Beaumont Health System is participating in a research study evaluating an investigational treatment called NeoCart®, a tissue implant made from a patient’s own cells, aimed at repairing certain knee cartilage injuries.
(Original article here)
A total of 245 patients will participate in the research of the surgical implant procedure in up to 40 sites across the United States. Approximately 20 patients at Beaumont will participate.
Orthopedic surgeons Joseph Guettler, M.D. and James Bicos, M.D. will be leading the study at Beaumont.
The research study will look at damage to the knee’s hyaline articular cartilage, the smooth, white tissue that covers the ends of bones where they come together to form joints. Damage to this cartilage may be caused by an injury or repetitive motion. It is a common problem that results in pain and symptoms, such as swelling, locking of the knee and loss of knee function. Damaged hyaline cartilage has limited capacity to repair or restore itself. Left untreated, the damage may progressively worsen and may lead to chronic conditions such as osteoarthritis.
To perform the procedure, the surgeon first obtains a sample of healthy cartilage from the patient’s knee. The small sample is treated and placed under special conditions in the laboratory that allow for cell growth. These cells are used to form a hyaline-like cartilage tissue implant that is in the shape of a small disc. The implant is then returned to the surgeon for surgical implantation into the patient’s injury site in the knee.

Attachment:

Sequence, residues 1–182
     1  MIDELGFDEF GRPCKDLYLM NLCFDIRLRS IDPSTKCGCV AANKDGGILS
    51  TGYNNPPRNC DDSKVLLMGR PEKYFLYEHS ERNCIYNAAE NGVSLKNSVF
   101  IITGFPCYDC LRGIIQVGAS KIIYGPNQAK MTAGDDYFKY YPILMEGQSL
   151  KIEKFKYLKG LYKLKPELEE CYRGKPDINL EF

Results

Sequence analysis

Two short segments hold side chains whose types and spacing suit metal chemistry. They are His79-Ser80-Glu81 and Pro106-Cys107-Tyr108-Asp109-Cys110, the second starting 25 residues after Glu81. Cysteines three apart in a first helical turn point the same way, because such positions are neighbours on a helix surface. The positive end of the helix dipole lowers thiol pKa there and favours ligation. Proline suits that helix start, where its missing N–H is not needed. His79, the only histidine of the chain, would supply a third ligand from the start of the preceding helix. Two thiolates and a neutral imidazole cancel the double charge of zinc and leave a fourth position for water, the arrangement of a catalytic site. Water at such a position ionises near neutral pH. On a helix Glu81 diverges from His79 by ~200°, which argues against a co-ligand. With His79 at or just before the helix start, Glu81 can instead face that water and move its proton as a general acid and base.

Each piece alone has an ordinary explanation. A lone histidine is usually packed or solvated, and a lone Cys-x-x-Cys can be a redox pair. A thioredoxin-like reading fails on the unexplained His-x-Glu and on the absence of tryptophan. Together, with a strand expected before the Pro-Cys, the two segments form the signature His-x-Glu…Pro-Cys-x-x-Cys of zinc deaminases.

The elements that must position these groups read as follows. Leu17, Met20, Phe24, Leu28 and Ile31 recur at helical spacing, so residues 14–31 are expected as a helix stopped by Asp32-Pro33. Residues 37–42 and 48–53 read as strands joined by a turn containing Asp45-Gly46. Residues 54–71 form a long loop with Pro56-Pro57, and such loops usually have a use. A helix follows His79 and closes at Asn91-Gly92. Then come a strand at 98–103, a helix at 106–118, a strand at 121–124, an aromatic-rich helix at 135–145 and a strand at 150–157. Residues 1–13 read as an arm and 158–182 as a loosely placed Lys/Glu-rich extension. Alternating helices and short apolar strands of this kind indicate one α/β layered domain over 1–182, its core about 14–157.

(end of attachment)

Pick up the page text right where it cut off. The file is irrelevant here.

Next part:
“The current standard of care for knee cartilage injuries is a cartilage-repair surgical technique called microfracture which works by creating tiny fractures in the underlying bone. This procedure is thought to create new cartilage-building cells from a so-called super-clot,” explains Dr. Guettler, principal investigator of the study.
“The purpose of the study is to evaluate the effectiveness of the tissue implant compared with microfracture. We will evaluate the pain and knee function in both treatment groups,” says Dr. Bicos, the study’s co-investigator.
“The possibility of implementing a preventive treatment aimed at undermining the inevitable consequences of degenerative arthritis could be a very significant advancement,” says Dr. Guettler.
Patients 18 to 55 years old who have symptoms of knee pain in one knee may be candidates for this study. However, those who have previously failed other treatments or smoke more than one pack of cigarettes per week may not be eligible.
Patients accepted into the study will have a random chance of being treated with the implant versus microfracture. Neither the patient nor the physician may choose the treatment. Patients in each group will have a specific rehabilitation plan and will be evaluated periodically for three years after treatment.
The study sponsor is Histogenics Corp. For more information, visit www.clinicaltrials.gov keyword “NeoCart Phase III” or contact Beaumont Research Nurse Clinician, Lisa Stellon at 248-551-6679 or at firstname.lastname@example.org.
About Beaumont Orthpedic Services
Beaumont Health System provides a full range of specialized care in the diagnosis, treatment and rehabilitation of all orthopedic injuries and conditions. Beaumont’s department of Orthopedic Surgery offers leading-edge treatments and technology including minimally invasive surgery, implants and trauma surgery. Beaumont is Michigan’s most experienced orthopedic hospital specializing in surgeries of the back, neck, foot, ankle, hand and upper extremities; hip and knee replacement; scoliosis treatment; tumor surgery; pediatric orthopedics; and sports medicine. Beaumont Hospital, Royal Oak is Michigan’s top-ranked hospital for orthopedic care by U.S. News & World Report. Find out more at http://orthopedics.beaumont.edu/.